5. Pickpocketing is a popular sport in Barcelona

Haven’t you heard that Barcelona is the number 1 city of pickpocketing in Europe? Well, with such a huge amount of people all around you it is pretty easy to steal something from your backpack. We actually became witnesses of one stealing during our trip in metro so I definitely recommend you watch your things.

6. The metro to the airport doesn’t have a driver

Lines 9 and 10 where 9 is going to the airport, are automated. This means that the trains have no staff on board: they are located, controlled and programmed from the control center. Trains run at the assigned speed and stop at stations according to a pre-set schedule.

Automated airport metro in Barcelona
Automated airport metro in Barcelona

7. When is the best time to eat?

It is a very good trick to know – in Barcelona people have lunch from 1 to 4 pm. So many restaurants at that time have “menu del dia” or basically business lunch or daily menu. Was interesting to see few differences with Slovakia: we use to have these kinds of menus from 11 to 2 usually, plus if in Slovakia it consist of some soup and main dish (usually drink or dessert you buy separately), in Barcelona you get first meal (Primeros) which can be some paella or salad or soup, then second meal (Segundos) which is basically can have same things, some meat or fish steaks. So for us, it is like to have 2 main dishes, but the portions of both of them are usually smaller. Then in the price, the drink and dessert are also included, which I found amazing because from drinks it is usually beer, wine or some soft drinks and then for dessert, you also are able to choose from few options or in case you are super full you can just get a coffee instead. We’ve got our daily menu once for 11 euros and once for 13 and both times it was just amazing.

8. IVA or how to avoid overpaying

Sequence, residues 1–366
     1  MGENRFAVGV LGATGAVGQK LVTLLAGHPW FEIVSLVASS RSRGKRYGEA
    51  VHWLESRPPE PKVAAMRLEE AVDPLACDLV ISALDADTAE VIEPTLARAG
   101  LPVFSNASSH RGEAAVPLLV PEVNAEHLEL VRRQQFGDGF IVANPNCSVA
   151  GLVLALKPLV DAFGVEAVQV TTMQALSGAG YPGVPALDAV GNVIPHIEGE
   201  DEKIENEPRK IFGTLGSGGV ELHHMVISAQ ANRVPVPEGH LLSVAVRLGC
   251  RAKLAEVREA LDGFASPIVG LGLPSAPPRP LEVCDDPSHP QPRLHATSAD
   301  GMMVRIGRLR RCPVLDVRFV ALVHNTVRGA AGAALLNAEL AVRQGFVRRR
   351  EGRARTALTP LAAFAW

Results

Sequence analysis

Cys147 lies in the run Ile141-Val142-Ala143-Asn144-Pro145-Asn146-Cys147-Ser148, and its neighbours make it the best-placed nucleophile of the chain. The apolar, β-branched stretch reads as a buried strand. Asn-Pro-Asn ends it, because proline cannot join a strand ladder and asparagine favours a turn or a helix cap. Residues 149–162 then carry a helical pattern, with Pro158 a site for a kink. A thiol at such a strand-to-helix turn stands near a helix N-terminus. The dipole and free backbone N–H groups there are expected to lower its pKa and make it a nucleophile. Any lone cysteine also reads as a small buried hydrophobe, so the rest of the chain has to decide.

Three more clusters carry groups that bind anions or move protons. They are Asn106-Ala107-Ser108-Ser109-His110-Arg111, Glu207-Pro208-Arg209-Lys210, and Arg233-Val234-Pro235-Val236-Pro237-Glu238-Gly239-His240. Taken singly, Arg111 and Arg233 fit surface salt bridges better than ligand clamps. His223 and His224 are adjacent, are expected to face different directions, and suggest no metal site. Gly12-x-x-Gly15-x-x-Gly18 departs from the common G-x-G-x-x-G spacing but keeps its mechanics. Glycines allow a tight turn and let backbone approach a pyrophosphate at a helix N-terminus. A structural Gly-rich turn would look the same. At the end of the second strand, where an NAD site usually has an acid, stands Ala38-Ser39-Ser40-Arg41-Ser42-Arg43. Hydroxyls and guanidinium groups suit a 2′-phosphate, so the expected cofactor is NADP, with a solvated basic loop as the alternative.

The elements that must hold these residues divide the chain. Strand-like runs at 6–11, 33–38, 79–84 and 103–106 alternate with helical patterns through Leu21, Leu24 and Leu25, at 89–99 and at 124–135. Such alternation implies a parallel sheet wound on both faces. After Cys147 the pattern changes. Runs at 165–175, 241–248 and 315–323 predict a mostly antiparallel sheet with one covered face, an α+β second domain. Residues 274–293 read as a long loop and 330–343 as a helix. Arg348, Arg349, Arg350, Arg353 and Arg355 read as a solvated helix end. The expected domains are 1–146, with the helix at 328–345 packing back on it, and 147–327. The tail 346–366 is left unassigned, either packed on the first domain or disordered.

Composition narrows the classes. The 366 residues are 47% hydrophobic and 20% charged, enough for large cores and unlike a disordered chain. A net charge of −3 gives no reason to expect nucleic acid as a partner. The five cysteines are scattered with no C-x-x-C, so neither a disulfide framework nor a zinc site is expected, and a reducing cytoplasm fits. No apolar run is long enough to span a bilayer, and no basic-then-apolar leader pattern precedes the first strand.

Even though I wrote the whole article about how to find the best and cheapest restaurants when traveling, and I am always prepared with restaurants for a trip, sometimes our plans are changing. It can be far and we are tired or very hungry, so we let ourselves just be caught by some more or less profitable place which we first see on our way. So we ate a very nice daily menu in one of such restaurants, however, were a bit surprised when saw in the bill “IVA 10%”. What is it, you will ask me? Well, officially IVA (Impuestos sobre el Valor Añadido) is a type of value-added tax and it should be included in price (only in the U.S. it usually doesn’t). However, in touristy places of Barcelona, this IVA not included happens quite often. It can be just for meals on the menu and then it has to be written there or also it can be for eating outside on the terrace, which was our case. Already after eating and paying I came to the table where was written daily menu and with very small letters down there was written “IVA 10% on the terrace”. So if you don’t want to be surprised in the end, always check it or ask in advance. 

9. Is there any difference between tapas and pintxos?

Hell yeah! So tapas is usually an aperitif for some drinks which come together on a small plate. Pintxos usually comes served on a piece of bread. So if you don’t see a piece of bread – then its tapas. If there is – pintxos. We tried the second one and it was just amazing!

Tasty pintxos in Barcelona
Tasty pintxos in Barcelona

10. If you are lazy to plan attractions and want to know some history and details about places use Free walking tours in Barcelona